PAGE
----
By CONOR GRIFFITH
The State Journal
MORGANTOWN, W.Va. — West Virginia University Energy Institute Director Brian Anderson said the recently signed memorandum of understanding between West Virginia and China Energy Investment Corp. Limited will help foster the development of a liquid natural gas storage hub and related infrastructure.
On Thursday, China Energy, a longtime research and development partner with WVU, announced an agreement that will bring an investment of $83.7 billion to West Virginia.
Anderson said the investment will be used to help develop the proposed Appalachian Storage and Trading Hub, along with other projects that can develop the state’s natural gas infrastructure and lead to plastics manufacturing.
“To quote Pat Getty, president of the Benedum Foundation: ‘Wealth is created where value is added,’” Anderson said.
He said the way forward represents a departure from the way West Virginia has handled its natural resources for the past 100 years.
Instead of sending out raw materials, Anderson said the goal now is to keep Marcellus and Utica Shale gas close to home, where it can be processed at cracker plants — such as the one Shell is building north of Pittsburgh — and shipped to manufacturing centers. That will be made possible with the trade and storage hub.
Having this hub, he said, means Appalachia can one day be on par with the country’s current natural gas hot spot, the Gulf Coast, with the added perk that most manufacturing centers that turn natural gas plastics into everyday products are much closer. That means cheaper shipping costs, less energy spent moving materials and even lower emissions.
Anderson said shipping out raw, unrefined goods can only go so far. He equated natural gas plastics with trading 100 pounds of wooden furniture versus 100 pounds of timber; one is going to fetch a better price than the other.
He hopes development of a trade hub in West Virginia will precipitate the opening of new cracker plants in West Virginia.
“We hope this catalyzes all the other ancillary industries,” Anderson said, emphasizing the importance of making sure hub development doesn’t move too far ahead of the rest of the industry and vice versa. “We have to be strategic and careful.”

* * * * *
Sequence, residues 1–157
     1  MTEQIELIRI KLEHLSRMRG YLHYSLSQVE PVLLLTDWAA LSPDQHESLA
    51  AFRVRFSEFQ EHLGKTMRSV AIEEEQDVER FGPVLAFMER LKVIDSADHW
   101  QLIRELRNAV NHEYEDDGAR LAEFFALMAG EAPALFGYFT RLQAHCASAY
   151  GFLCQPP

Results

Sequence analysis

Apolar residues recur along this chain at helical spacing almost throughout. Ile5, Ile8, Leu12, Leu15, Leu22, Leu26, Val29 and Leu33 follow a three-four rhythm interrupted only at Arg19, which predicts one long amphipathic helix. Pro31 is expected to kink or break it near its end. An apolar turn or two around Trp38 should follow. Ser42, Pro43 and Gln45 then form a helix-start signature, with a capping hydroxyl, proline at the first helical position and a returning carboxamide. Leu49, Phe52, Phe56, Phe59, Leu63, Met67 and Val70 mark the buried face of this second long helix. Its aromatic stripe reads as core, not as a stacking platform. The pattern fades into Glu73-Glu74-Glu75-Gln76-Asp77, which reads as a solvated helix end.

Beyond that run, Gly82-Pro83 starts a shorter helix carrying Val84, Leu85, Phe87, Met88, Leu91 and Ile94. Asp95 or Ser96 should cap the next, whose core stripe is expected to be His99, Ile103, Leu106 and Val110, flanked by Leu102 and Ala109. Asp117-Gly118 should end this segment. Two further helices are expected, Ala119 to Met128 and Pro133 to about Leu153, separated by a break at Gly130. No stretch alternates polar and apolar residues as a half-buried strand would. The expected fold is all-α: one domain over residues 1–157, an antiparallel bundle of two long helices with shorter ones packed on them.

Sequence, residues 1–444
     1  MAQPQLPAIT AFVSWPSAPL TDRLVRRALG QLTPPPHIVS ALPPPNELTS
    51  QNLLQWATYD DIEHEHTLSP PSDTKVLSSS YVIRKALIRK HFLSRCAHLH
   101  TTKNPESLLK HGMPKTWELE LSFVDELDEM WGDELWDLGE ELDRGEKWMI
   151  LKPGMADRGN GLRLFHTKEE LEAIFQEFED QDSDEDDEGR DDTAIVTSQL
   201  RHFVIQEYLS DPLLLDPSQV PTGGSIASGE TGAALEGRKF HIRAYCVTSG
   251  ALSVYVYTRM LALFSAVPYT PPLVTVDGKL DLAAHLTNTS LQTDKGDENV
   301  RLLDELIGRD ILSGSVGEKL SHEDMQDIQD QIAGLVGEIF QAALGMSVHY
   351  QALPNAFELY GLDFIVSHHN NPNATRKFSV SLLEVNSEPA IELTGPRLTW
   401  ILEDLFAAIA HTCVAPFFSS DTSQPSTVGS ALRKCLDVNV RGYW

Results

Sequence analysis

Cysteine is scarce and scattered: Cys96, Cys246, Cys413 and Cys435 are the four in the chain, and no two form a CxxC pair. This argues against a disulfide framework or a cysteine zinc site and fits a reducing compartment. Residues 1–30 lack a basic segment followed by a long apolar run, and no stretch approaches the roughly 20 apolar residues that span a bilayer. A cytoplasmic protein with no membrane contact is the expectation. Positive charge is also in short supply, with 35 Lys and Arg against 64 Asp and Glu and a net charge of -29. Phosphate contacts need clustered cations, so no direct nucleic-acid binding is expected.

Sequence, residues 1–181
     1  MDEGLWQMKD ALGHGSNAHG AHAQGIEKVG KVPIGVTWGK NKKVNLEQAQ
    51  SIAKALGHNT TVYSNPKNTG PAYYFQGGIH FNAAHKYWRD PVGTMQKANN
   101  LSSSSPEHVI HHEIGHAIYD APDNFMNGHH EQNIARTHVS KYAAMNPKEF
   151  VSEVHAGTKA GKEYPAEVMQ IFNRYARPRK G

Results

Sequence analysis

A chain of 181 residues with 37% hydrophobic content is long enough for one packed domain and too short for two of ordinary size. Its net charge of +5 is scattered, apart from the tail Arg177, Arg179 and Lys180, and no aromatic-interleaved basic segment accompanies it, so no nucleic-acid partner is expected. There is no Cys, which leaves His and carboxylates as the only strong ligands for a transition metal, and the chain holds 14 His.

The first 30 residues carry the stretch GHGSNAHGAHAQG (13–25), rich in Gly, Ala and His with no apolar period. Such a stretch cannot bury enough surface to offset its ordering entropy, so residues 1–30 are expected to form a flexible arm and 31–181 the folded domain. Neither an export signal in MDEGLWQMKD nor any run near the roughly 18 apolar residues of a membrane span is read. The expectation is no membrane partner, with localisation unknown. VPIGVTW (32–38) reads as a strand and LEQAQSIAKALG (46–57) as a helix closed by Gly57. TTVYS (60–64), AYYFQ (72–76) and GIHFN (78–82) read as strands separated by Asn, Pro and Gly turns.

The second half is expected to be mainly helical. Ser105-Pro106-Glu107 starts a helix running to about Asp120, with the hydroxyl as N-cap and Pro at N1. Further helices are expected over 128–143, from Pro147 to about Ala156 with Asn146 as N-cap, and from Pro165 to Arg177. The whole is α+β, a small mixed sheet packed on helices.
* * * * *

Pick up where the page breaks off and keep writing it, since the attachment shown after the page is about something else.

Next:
Anderson said Shell’s cracker plant is scheduled to be finished in 2022, about the same time the trade and storage hub will be completed, based on the pace of engineering, procurement of property and construction. Sites for the hub in West Virginia have been considered but none have been finalized.
In the meantime, more formalized agreements have yet to be sorted out as to how much of the China Energy funding will go toward the hub and how much will go to other related projects. In view of the memorandum, Anderson said the pace of hub development will stay the same so that everything falls in place as planned.Jennifer Scott of the American Chemistry Council said economists with the council conducted a study of the region, using the same input/output model used by more than 20 government agencies and 250 colleges and universities, to assess Appalachia’s natural gas resources.
“West Virginia and the region already has a natural gas/plastics manufacturing capacity, but with a trade and storage hub, we found potential for growth of that capacity,” she said.
Across four states, Scott said, development of the hub, along with the accompanying petrochemical industries, could generate more than 100,000 new and permanent jobs by 2025, jobs that would also generate $2.9 billion in tax revenue. She said those jobs would break down to about 25,700 directly employed by the natural gas industry, 43,000 jobs in businesses that supply and support natural gas operations, while a further 32,000 jobs can be created while the former two groups go spend their paychecks.
“This investment by China Energy is the culmination of years of relationship building, both by West Virginia University and the state,” WVU President Gordon Gee said in a statement. “It is also an excellent example of the possibilities that we have been discussing within the West Virginia Forward initiative with our partners at the state Department of Commerce and Marshall University.”
West Virginia Forward aims to ID large-scale, short-term projects that can boost West Virginia’s economy through five principles: Building on existing assets; growing and diversifying beyond the sectors already established; finding disruptive trends; considering regional impact; finding the quick wins.
“As I have traveled the state talking about West Virginia Forward, I have frequently said we need a ‘quick win.’ In the economic development world, this is a nearly unprecedented big win,” Gee said. “The agreement, and the ramifications from it, will help move West Virginia forward for years to come.”
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